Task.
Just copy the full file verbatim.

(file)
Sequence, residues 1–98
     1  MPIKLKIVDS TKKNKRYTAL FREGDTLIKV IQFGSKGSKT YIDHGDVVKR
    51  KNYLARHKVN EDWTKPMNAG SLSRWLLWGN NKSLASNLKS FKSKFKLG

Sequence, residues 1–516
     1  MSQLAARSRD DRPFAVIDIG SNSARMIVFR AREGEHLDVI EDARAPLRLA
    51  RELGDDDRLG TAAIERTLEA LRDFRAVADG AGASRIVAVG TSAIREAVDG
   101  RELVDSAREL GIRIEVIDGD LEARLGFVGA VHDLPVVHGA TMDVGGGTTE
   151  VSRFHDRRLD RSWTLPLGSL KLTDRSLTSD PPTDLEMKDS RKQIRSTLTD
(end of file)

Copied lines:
Sequence, residues 1–98
     1  MPIKLKIVDS TKKNKRYTAL FREGDTLIKV IQFGSKGSKT YIDHGDVVKR
    51  KNYLARHKVN EDWTKPMNAG SLSRWLLWGN NKSLASNLKS FKSKFKLG

Sequence, residues 1–516
     1  MSQLAARSRD DRPFAVIDIG SNSARMIVFR AREGEHLDVI EDARAPLRLA
    51  RELGDDDRLG TAAIERTLEA LRDFRAVADG AGASRIVAVG TSAIREAVDG
   101  RELVDSAREL GIRIEVIDGD LEARLGFVGA VHDLPVVHGA TMDVGGGTTE
   151  VSRFHDRRLD RSWTLPLGSL KLTDRSLTSD PPTDLEMKDS RKQIRSTLTD